An old man is sitting on the floor of a small cottage. A few buckets of paint are strewn about the dwelling, one in the kitchen, one on the table, one next to where the man sits on a bed sheet laid down to protect the carpet from the paint. The sheets have done nothing to protect his clothes, though. He moves his paintbrush quickly, reckless but confident after long days spent painting the rest of the cottage. The sound of the brush is accompanied only by a radio blaring classic rock music, and generic and uninspiring words trying to form themselves into a conversation with the young man sitting on the other side of the wall.
The young man sits on the floor, on top of a bed sheet, paintbrush in hand, paint bucket beside him just as the old man does, his clothes just as spotted with paint. His hand moves with less practice with the paint brush. The strokes are careful, patient and precise, but no less effective in slowly turning the colors of the cottage from old to new, dull to bright, white to whiter. If you stood at the doorway, the wall would appear a mirror, the men sitting in identically empty rooms, in the same position, making the same strokes with the brush, tapping out the same beat to the background music provided by the radio. They both carefully place the brushes into the paint jar instead of their mugs of tea.
A girl walks into the cottage. The conversation between the men ceases as the girl speaks to her father. The young man sits quietly on the other side of the wall, half-listening but occupied by his own thoughts. The old man and young girl’s voices eventually slowly, almost imperceptibly become louder over a few minutes. The young man does not notice at first, until they become angry, first the old man’s and then the girl’s. They begin arguing about something. The words become louder and angrier until they are shouting. Harsh words are exchanged by both, and eventually, sounds of frustration escape the girl and her footsteps signal her exit from the cottage as the young man sees her heading away through the window. The old man follows a moment later, shouting after the girl, “I’m your father, don’t you fucking talk to me like that, show some fucking respect.” He halts just outside the cottage, letting his daughter continue on. A cigarette and lighter appear in his hand. The heavy silence after a storm is left behind in the cottage too loud for the radio to be overheard. If you were still watching from the door, the young man has simply moved seats, paintbrush still moving carefully, patiently, seemingly unperturbed, as if he had not heard the chaos from the other room.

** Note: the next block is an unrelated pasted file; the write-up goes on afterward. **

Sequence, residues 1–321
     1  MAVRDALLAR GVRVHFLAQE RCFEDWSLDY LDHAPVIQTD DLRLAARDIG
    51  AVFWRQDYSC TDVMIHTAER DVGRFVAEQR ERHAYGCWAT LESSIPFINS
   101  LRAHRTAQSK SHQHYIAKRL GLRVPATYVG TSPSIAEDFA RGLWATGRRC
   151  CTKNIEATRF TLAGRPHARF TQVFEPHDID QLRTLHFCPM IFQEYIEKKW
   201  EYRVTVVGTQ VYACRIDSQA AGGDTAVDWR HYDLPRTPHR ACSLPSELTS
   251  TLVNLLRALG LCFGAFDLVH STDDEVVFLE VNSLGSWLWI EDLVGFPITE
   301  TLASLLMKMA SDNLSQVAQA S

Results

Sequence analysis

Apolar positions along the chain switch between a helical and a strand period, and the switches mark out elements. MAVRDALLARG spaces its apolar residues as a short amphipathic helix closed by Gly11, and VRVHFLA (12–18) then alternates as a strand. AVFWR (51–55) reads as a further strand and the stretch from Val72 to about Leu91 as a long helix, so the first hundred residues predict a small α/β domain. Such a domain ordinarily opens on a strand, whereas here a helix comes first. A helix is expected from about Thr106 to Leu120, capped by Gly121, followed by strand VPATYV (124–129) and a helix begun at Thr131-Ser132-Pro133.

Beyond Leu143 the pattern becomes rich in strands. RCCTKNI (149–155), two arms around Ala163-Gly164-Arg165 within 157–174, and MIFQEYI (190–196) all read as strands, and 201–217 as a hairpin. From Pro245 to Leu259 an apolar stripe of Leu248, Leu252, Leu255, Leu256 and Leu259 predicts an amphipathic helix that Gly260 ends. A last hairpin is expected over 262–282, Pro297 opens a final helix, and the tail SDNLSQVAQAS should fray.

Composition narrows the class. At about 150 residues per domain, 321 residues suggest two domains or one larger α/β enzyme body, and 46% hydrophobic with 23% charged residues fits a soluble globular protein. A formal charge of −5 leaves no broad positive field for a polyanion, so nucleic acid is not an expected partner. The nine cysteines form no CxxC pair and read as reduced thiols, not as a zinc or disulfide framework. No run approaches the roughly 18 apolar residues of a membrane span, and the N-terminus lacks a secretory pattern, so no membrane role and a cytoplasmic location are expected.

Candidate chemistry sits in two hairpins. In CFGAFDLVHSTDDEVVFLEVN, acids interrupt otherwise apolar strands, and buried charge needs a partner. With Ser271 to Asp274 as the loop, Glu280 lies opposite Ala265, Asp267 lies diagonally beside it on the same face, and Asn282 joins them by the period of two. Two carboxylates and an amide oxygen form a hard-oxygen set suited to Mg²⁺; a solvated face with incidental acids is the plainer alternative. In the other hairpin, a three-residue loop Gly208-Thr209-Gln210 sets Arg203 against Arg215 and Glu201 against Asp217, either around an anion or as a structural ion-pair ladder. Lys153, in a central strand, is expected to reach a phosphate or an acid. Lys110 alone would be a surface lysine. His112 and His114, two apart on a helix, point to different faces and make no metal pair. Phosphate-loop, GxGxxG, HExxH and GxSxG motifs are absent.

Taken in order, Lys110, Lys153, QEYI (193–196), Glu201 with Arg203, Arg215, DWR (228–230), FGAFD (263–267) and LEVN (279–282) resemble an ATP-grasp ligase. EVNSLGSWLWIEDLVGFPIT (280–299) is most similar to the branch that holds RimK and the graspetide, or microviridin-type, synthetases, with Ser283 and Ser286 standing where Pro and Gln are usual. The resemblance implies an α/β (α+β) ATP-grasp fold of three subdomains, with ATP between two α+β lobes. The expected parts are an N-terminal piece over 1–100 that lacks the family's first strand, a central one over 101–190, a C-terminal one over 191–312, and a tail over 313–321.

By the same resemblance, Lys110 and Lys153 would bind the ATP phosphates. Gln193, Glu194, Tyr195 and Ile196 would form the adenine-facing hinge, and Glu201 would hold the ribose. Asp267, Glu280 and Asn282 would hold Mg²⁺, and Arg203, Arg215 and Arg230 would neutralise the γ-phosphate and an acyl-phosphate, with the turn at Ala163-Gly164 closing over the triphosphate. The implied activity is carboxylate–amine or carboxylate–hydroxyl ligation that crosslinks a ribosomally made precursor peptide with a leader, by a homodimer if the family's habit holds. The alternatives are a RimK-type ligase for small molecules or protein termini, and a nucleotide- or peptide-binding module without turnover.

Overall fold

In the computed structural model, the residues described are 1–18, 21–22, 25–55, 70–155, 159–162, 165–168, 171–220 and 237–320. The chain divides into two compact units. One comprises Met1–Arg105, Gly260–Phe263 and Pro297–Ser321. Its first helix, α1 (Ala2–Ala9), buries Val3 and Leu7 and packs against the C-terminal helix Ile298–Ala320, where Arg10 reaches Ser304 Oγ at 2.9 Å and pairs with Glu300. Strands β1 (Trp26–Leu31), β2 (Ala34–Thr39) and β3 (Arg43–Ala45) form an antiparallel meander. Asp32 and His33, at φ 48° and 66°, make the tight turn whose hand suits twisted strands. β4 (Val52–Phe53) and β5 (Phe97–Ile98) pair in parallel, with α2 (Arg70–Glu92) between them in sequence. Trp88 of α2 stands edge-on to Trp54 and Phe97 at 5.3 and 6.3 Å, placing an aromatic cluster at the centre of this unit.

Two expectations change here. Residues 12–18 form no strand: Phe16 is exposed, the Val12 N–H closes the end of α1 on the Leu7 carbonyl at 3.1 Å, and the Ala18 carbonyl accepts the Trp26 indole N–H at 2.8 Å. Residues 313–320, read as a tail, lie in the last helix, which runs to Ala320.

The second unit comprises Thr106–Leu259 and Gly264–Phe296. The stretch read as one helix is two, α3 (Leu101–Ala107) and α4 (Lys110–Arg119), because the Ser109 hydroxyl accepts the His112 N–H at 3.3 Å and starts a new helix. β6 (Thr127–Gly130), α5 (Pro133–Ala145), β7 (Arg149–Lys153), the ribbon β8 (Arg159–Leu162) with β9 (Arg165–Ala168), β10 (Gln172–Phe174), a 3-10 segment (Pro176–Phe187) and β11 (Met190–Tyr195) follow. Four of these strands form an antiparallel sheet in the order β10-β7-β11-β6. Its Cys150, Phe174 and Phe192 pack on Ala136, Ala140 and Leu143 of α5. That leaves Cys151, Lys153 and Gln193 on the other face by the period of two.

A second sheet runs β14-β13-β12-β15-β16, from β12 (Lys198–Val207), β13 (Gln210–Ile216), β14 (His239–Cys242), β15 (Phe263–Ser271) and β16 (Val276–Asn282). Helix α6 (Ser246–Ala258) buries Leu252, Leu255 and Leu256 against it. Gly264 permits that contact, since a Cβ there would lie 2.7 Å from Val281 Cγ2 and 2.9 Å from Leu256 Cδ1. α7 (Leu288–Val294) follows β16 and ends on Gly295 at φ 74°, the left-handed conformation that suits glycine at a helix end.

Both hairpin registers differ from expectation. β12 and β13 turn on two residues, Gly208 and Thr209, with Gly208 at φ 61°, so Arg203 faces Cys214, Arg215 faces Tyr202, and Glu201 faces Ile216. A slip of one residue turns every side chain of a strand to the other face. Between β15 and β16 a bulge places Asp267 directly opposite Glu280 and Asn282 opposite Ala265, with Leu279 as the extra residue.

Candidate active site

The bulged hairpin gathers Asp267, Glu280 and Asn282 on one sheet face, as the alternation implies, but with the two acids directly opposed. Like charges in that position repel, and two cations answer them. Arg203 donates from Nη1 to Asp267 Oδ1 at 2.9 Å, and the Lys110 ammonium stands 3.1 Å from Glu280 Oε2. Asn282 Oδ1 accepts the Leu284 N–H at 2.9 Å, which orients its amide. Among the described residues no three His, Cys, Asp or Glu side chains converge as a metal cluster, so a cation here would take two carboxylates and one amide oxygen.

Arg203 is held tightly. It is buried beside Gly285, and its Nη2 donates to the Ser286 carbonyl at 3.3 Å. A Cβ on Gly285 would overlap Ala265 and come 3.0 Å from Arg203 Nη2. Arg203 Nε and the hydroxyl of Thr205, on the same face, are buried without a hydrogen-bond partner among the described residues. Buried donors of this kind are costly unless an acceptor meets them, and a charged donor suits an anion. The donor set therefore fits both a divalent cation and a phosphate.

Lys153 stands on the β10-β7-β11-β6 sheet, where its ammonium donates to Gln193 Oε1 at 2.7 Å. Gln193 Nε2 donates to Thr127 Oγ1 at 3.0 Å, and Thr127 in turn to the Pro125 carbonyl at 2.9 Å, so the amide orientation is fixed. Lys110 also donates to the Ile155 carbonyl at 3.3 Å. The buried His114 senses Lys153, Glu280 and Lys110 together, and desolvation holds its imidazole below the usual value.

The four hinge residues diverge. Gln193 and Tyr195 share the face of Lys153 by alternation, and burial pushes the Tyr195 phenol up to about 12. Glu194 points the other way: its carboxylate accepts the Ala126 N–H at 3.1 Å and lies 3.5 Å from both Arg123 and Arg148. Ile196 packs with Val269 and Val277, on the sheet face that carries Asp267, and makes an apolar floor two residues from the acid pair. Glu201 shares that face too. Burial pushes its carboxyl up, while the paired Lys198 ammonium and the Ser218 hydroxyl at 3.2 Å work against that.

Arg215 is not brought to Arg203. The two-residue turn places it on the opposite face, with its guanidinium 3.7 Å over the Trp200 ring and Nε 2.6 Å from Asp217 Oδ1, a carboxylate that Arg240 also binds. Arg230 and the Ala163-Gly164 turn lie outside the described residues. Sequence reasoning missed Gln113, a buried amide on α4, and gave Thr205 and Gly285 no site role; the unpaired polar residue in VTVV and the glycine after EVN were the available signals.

“Don’t have kids,” The old man says, raising another cigarette to his lips. Two finished butts lay on the ground. The young man continues past on the small walkway without acknowledging the comment. When he returns to the cottage the old man is inside painting once more. Neither of the men tries to pick up their conversation from earlier. The old man still angry, the young man still indifferent.
“I’m cross for getting angry at my daughter,” the old man says, offering up the first words. The young man has come into the kitchen to get more paint. The young man’s attention appears to entirely be on the paint slowly dribbling out of the can and into his bucket. “Did you hear me?” the old man says. “Hmm?” the young man replies. “I said I’m real cross at myself for what I said to my daughter.” The man says again. His happy and conversational tone indicates otherwise.
“Why?” the young man asks.
“Because I shouldn’ta said what I said to her.”
“Maybe you should apologize,” the young man says, replying after a short pause. He knows this is not what the old man wants to hear.
The old man’s expression changes from jovial to confused to angry, the smile on his face slowly turning into a scowl. “Now why would I go apologizing?”
The young man shrugs. “You said that you got mad at yourself. For getting angry, for yelling at her, for swearing at her. Sounded like you felt bad about it.”
“Yeah well she was sticking her nose where it didn’t belong, eh. She was trying to make trouble about something that was none of her business, and she swore at me first. It ain’t my fucking fault I got angry.” The old man says, his voice raising throughout, angry again.
The young man turns around with his now full paint bucket. He walks past the old man’s wrathful stare. “You brought it up.” The young man says, indifference clear in his tone. He goes back to the other room leaving the old man alone with himself. Sitting on the floor again, the young man feels old.